House of the Dragon’s Showrunner Explains a Big Change You’ll Notice in Season 2

When House of the Dragon season one premiered, its built-in audience of Game of Thrones fans noticed immediately a similarity between the two shows: Ramin Djawadi’s iconic theme song. And Dragon’s opening-credits graphics—while not identical—were certainly evocative of Thrones’. When Dragon returns for its second season, however, viewers will notice a big change.

The music is the same, but the graphics are quite different. Instead of blood running through stone and metal, the cast and crew names unfurl while a tapestry is being stitched as blood seeps into the cloth. “We did decide to go with the new main title sequence this year,” showrunner Ryan Condal explained to io9 as part of a House of the Dragon season two press roundtable. “When we were looking at the sequence we did in season one, which I think works very well, it was visually dynamic and interesting, but it was really about—it was essentially a family tree. It was about the bloodlines of this generational family that begins with Viserys and then goes down through Rhaenyra and Alicent and then on to the generation of their children.”

This season, however, that second generation—King Aegon II, Aemond Targaryen, Jacaerys Velaryon, and so on—are now fully part of the story. “The family is kind of set at [this] point,” Condal said. “Game of Thrones loves an evolving title sequence, and we just didn’t really know where to go with it from there. So the idea was, if the first season was about ancestry and bloodlines, season two is now about [being part of] this living history, this period that becomes very seismic, both in this time and then for all the decades to come. This is such a famous time in history that even characters in the A Song of Ice and Fire books are thinking back to the Dance of the Dragons, which is the most brutal and bloody civil war fought in this time.”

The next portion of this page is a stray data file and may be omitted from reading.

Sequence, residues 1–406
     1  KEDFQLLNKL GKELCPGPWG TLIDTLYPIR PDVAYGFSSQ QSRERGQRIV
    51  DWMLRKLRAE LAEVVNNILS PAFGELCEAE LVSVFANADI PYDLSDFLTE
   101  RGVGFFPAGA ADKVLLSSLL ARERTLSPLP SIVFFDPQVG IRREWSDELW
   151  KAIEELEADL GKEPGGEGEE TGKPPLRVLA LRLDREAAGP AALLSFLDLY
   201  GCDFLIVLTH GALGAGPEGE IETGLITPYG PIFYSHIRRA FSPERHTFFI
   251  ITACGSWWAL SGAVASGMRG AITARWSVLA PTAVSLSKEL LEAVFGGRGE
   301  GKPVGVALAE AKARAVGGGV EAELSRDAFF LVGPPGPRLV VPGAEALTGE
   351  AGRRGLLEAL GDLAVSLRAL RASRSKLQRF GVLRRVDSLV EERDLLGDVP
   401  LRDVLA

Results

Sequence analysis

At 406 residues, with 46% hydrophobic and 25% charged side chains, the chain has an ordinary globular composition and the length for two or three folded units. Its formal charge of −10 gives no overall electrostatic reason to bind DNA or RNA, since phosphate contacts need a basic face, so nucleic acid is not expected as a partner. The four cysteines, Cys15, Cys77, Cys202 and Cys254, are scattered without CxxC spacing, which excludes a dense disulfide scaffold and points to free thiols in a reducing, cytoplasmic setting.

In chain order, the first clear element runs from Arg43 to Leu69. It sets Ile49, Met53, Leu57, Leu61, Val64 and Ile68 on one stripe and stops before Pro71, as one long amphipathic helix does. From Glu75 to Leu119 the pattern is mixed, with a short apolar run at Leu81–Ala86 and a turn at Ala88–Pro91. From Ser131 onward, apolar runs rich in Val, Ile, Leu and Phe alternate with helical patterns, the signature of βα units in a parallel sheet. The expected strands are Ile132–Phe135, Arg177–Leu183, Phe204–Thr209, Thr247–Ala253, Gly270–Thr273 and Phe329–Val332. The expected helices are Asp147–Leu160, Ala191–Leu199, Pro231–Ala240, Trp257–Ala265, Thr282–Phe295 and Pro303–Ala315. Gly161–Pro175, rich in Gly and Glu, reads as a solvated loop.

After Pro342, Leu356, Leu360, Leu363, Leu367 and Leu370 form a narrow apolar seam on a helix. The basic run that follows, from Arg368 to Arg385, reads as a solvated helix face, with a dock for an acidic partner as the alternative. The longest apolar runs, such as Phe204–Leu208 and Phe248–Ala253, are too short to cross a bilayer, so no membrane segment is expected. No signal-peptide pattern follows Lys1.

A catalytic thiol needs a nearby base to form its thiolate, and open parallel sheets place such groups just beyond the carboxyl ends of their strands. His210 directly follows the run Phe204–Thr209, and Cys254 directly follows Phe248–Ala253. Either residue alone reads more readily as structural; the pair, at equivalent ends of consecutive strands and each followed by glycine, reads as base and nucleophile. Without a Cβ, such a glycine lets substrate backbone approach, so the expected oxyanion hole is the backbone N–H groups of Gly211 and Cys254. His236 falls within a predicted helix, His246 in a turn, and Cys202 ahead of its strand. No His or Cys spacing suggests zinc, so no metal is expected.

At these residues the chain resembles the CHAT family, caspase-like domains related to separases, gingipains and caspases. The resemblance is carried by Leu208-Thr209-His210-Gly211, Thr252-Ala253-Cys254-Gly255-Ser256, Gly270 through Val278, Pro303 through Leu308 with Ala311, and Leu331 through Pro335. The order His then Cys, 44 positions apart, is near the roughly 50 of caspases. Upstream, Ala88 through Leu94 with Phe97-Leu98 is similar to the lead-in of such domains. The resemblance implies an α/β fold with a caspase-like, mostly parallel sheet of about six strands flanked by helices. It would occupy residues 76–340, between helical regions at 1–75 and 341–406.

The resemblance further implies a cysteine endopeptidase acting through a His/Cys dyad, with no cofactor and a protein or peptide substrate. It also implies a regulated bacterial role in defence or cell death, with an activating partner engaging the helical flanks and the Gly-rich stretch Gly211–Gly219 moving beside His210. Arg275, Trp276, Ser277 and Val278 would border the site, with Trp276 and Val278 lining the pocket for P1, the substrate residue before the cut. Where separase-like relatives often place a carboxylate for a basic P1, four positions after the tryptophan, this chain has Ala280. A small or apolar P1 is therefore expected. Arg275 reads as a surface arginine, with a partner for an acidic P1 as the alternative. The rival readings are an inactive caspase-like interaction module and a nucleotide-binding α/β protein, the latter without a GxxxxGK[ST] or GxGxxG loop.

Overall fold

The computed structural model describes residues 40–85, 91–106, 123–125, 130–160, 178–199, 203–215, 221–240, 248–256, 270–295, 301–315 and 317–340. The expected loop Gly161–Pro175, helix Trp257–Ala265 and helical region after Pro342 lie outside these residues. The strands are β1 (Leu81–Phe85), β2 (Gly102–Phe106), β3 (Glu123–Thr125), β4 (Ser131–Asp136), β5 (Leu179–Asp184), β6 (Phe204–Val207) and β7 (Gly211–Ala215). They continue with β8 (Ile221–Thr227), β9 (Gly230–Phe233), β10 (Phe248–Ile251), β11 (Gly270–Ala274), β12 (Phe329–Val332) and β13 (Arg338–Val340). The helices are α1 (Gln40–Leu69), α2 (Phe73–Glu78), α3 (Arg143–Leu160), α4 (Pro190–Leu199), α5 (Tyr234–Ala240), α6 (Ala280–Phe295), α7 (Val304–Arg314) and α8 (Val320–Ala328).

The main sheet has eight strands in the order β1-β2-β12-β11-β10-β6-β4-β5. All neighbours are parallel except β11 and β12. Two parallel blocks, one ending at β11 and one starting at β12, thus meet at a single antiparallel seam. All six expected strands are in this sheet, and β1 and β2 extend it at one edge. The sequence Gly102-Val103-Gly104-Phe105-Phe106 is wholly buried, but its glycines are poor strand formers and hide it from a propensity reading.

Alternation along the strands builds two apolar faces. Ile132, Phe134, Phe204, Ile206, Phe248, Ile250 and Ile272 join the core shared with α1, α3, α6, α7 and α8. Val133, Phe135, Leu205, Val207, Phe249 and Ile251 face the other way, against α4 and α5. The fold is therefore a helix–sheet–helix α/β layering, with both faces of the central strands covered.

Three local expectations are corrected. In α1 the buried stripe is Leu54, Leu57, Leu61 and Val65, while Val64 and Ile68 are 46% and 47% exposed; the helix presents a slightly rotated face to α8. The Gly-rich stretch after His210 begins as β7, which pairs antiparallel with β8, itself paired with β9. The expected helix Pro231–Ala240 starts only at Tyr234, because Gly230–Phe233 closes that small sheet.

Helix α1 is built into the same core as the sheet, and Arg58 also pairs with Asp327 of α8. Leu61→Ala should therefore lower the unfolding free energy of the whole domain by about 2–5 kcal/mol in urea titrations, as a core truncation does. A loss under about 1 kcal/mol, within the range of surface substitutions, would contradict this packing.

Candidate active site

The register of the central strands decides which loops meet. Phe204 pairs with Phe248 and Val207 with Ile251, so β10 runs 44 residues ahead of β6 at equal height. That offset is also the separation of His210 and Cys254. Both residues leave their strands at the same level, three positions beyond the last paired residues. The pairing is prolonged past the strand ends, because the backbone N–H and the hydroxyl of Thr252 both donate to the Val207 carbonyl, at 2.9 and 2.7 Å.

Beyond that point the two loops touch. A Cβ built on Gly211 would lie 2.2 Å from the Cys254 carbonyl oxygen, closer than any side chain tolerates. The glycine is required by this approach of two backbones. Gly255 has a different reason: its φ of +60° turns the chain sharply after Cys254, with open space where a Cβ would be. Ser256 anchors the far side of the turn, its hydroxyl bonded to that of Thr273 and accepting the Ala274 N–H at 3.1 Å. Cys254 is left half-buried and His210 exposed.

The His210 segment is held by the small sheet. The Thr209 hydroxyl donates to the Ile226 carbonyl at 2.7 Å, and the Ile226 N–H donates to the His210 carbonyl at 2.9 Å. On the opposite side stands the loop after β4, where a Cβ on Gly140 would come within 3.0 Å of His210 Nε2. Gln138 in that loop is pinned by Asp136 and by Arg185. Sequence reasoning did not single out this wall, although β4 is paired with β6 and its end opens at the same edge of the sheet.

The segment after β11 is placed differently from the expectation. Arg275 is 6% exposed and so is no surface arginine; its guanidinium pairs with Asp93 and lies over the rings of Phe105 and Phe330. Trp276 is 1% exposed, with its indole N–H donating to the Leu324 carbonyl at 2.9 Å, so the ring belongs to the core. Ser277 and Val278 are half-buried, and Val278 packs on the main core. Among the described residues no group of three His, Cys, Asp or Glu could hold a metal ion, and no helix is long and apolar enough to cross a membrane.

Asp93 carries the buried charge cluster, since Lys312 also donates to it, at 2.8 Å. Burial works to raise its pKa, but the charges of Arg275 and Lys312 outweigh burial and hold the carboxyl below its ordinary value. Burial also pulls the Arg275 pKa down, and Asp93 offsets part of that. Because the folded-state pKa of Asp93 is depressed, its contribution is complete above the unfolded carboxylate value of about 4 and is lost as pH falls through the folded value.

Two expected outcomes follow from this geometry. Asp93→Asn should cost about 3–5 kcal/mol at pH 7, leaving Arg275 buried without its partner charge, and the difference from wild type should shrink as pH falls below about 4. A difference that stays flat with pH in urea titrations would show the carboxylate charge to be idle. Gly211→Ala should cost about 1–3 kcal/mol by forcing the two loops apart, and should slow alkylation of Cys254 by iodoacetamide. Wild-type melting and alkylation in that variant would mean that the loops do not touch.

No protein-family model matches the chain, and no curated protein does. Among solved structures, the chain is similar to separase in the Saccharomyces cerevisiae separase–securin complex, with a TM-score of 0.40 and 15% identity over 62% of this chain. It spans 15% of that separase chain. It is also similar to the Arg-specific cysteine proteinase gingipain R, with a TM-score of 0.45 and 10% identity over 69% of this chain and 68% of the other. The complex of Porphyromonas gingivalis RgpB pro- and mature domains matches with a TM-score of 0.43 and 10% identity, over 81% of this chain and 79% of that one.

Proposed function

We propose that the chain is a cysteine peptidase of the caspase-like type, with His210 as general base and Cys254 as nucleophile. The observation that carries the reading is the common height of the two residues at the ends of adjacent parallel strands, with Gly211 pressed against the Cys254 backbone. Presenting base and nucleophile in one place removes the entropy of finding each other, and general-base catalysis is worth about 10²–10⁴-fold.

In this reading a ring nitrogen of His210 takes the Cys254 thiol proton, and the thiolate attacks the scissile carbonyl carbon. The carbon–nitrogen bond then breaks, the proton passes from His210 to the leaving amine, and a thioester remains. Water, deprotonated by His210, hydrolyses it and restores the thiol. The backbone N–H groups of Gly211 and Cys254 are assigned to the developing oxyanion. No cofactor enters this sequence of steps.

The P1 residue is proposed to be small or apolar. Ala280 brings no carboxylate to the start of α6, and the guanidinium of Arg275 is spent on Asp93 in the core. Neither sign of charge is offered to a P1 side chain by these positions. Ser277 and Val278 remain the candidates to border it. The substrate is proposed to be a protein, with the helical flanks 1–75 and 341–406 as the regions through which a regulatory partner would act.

Condal continued. “So we want to do something that was that was dynamic and that was communicating about the themes in the story that we were telling in season two and beyond. And it felt in my mind, the way to do that was to find a way of rendering the history in a visual way. We went to a tapestry and there’s this wonderful title company called yU+co that designed that for us. And the idea is that we are living through history, and we’re seeing it stitched into the fabric of this tapestry as we move, the time begins in Old Valyria and takes us all the way through to, as you see at the end of it, Vhagar taking out Arrax over Storm’s End [as seen in the season one finale]. And I think you’ll continue to see it evolve from here.”

House of the Dragon season two arrives June 16 on HBO and Max.

Want more io9 news? Check out when to expect the latest Marvel, Star Wars, and Star Trek releases, what’s next for the DC Universe on film and TV, and everything you need to know about the future of Doctor Who.

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